- a plant (Allium cepa) of the lily family, having an edible bulb with a strong, sharp smell and taste
- the bulb of this plant, formed of close, concentric layers of leaf bases
- any of various related plants
Origin of onionMiddle English oynon from Old French oignon from Classical Latin unio (gen. unionis), oneness, unity, also a kind of single onion: see union
- a. A bulbous plant (Allium cepa) cultivated worldwide as a vegetable.b. The rounded edible bulb of this plant, composed of fleshy, tight, concentric leaf bases having a pungent odor and taste.
- Any of several other plants in the genus Allium.
Origin of onionMiddle English oynoun, unyon from Anglo-Norman oignon, ongnon from Vulgar Latin uniō uniōn- variant of Latin ūniō ūniōn- length of the initial u uncertain), perhaps from ūnus one (in reference to the single compact bulb of the onion, as opposed to the multiple cloves of garlic) ; see oi-no in Indo-European roots. or perhaps akin to Sanskrit u&slowdot;nah onion Pashto ū&zhookr;a; garlic and Hittite waš&hlowbrev;ar, -waš&hlowbrev;an- in šuppiwaš&hlowbrev;ar onion ( šuppi- pure )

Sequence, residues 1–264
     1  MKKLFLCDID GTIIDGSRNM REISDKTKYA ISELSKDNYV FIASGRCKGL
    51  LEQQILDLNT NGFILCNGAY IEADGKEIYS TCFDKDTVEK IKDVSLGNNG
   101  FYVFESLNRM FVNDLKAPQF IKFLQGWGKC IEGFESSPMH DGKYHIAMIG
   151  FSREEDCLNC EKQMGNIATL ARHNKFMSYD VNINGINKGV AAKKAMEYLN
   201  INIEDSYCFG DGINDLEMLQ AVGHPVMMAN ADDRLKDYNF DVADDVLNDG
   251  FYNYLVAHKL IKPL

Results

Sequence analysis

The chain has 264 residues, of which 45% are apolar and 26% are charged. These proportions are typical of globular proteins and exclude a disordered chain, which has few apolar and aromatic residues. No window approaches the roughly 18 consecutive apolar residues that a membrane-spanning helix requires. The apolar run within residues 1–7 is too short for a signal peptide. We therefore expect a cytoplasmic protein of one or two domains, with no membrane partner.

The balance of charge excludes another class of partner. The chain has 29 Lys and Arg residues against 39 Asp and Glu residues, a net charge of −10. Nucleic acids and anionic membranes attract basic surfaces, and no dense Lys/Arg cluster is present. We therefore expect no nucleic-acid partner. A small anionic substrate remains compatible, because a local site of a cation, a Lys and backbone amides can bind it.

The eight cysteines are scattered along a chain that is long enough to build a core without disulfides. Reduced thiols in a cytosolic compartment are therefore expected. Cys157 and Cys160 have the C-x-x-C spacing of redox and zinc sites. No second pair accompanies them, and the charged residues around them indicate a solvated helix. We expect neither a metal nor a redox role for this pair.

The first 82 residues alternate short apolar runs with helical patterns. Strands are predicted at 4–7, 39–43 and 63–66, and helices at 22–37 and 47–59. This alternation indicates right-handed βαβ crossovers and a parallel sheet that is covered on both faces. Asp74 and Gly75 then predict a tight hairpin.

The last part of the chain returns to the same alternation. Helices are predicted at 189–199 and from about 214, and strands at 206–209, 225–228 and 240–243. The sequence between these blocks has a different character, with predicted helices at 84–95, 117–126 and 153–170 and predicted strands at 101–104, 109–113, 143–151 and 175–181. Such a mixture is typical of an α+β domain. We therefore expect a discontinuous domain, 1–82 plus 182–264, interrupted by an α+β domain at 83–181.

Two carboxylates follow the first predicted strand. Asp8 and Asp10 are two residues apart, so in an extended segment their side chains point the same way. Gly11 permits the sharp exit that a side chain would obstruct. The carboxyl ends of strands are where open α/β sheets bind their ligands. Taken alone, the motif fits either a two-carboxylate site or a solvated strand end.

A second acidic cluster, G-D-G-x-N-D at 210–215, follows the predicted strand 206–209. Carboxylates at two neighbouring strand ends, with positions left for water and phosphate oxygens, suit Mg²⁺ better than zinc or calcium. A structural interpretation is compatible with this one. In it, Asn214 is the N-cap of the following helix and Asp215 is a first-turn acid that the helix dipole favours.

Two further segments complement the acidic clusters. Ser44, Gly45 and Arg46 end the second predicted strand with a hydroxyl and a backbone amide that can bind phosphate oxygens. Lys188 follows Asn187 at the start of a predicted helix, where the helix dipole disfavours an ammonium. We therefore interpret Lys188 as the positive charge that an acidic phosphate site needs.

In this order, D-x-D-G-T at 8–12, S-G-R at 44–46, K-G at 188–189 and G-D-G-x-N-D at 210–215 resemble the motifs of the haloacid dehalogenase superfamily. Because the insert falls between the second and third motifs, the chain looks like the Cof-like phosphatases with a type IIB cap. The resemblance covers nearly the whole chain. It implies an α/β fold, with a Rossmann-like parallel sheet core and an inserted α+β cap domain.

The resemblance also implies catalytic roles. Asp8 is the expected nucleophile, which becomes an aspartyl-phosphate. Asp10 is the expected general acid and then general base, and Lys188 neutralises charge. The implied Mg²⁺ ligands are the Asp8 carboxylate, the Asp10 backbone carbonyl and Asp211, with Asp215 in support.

Middle English onyon, union, oinyon, from Anglo-Norman union et al. and Old French oignon, from Latin Å«niÅnem, accusative of Å«niÅ (“onion, large pearl") (probably from Å«nus (“one"), but perhaps compare Hittite waÅ¡á¸«ar (“garlic"), Sanskrit à¤‰à¤·à¥à¤£ (uá¹£á¹‡a, “onion"), Pashto ÙˆÙˆÚ–Ù‡ (Å«Å¾a, “garlic"), Khowar wÇáº“nÅ« (“garlic") ). Displaced the inherited term ramsons.